I achieve this simplification with one of my favourite art therapy processes: key words. Whenever something resonates with me, surprises me or somehow feels important, I underline it. Every now and then I write all my underlined words or phrases onto a sheet of paper. Sometimes I do this after a couple of weeks, sometimes when I have filled a journal (which takes me roughly two months). Collecting these key words helps me to record my insights in a reduced manner.

They become something I can USE:

Unexpected – my underlining is guided by my curiosity. I often underline what feels new or surprising, sometimes even dissonant, that makes my key words relevant and worth following up on as part of learning about myself.

Simple – just some key phrases – for example: from my last journal (they are just under 200 pages) I have collected five themes. This makes is manageable.

Emotional – key words resonate with me on a deeper level which in itself means they touch something inside me. Our brains have developed in a way to remember emotionally charged situations or content better than just factual stuff.

As with every creative process – it only needs to make sense to you. If you want to have a stab at developing a reflective practice here is my suggested approach to start with – remember to adjust it to whatever works for you: 

  • Get a cheap journal, nothing fancy.
  • Use stream of consciousness writing, simply let the words flow without censoring or editing, ignore spelling and grammar.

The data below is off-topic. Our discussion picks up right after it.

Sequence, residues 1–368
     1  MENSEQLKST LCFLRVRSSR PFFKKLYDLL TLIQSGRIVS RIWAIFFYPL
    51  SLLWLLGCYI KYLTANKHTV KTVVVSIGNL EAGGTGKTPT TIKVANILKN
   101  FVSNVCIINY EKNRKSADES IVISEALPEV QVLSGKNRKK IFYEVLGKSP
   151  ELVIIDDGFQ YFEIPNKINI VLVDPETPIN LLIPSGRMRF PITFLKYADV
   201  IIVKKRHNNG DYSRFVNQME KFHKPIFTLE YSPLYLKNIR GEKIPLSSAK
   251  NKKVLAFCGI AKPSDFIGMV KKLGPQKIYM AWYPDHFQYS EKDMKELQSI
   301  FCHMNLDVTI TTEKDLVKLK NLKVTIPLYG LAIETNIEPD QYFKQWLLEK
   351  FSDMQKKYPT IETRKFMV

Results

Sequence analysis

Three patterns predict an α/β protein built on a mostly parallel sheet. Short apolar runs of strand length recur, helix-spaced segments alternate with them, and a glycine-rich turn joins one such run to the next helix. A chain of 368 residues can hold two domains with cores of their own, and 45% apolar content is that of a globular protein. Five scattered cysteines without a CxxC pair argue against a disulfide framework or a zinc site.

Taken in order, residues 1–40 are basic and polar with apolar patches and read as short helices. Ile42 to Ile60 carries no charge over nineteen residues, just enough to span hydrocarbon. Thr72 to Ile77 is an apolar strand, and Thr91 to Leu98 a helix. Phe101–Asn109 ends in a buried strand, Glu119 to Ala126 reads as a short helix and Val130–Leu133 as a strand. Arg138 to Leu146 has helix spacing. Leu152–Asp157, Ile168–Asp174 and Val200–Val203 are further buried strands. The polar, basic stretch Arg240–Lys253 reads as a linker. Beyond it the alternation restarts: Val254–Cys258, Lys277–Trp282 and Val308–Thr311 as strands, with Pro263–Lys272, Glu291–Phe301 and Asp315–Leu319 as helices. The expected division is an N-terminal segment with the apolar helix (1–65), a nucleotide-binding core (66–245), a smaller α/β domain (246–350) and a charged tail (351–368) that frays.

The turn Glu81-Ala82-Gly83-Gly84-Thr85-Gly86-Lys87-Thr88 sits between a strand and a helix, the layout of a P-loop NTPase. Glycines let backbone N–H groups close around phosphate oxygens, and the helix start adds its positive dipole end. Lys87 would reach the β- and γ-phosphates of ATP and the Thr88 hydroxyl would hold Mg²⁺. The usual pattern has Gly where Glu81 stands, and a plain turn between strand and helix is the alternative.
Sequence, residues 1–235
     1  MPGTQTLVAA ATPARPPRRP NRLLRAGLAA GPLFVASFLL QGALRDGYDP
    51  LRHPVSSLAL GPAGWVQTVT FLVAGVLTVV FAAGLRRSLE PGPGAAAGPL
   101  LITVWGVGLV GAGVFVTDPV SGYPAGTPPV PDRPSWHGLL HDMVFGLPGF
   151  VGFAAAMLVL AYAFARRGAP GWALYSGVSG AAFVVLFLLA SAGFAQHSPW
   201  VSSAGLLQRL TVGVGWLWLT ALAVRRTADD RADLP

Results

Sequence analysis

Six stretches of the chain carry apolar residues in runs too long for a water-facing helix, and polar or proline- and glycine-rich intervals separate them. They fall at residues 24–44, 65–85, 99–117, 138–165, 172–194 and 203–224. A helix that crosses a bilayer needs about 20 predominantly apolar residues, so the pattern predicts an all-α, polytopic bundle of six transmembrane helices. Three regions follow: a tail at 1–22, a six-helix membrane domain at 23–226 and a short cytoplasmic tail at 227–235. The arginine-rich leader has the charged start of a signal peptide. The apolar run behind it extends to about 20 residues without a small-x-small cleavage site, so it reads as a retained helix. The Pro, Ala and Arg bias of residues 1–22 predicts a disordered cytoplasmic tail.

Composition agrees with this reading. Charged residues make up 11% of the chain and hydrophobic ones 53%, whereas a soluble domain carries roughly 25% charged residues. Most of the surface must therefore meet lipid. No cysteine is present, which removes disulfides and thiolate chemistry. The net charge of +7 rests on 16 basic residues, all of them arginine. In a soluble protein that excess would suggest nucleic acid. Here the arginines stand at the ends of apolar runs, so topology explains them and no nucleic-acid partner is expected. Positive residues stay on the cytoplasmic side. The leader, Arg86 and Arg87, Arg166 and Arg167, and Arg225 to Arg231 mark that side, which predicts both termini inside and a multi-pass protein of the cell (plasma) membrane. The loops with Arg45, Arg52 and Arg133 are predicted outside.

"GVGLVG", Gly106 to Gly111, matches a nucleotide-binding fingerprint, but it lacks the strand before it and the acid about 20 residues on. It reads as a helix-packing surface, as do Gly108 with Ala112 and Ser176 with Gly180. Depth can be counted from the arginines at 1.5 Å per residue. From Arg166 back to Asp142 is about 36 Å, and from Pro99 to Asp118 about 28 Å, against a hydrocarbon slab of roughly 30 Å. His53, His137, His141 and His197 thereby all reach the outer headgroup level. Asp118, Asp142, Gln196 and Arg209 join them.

• Consider writing with pencil, it allows you to write fast, which is often important for stream of consciousness writing, and with little pressure (good for a daily habit, avoids any repetitive strain injuries…)
  • I don’t recommend typing, writing longhand seems to help me get into the flow of writing, it feels more personal and intimate, there are fewer distractions to manage. There is a form of body memory when I’ve written something by hand rather than typed it, which again supports the end goal of learning from my reflections.
  • As suggested by Julia Cameron, I write three A4 pages each day. It helps turning it into a habit and is achievable on a daily basis.
  • If you can’t get started, tune into your mind and write whatever internal chatter you hear, It might be thoughts like: I don’t know what to write, I’m bored, what a waste of time…Write that down, it’s a start.
  • I underline as I write. With some practice you will notice the little jolt in your body when something you just wrote is important, resonates and should be captured as key words.
  • Review all your key words regularly. You decide what ‘regular’ is for you. It can be every two weeks or when you have filled a journal. Whatever feels right. But set aside some time to sit with these words.
  • Don’t get disheartened by a few days without major insights and little or no underlining. The good stuff will bubble up eventually. Sometimes it’s like doing some stretches before you start a workout. Give yourself time to warm up.

Sometimes I create a little ‘poetic reduction’ or a tagline from my key words (hello, marketing background!). This is a way to reduce things further. But that approach is another post altogether.

Go get a journal and start writing, you’ll be surprised how much wisdom you carry inside you!

If you have any questions around this topic, email me, I’m happy to share my experience. 


Find out more about my work at Sensemaking Space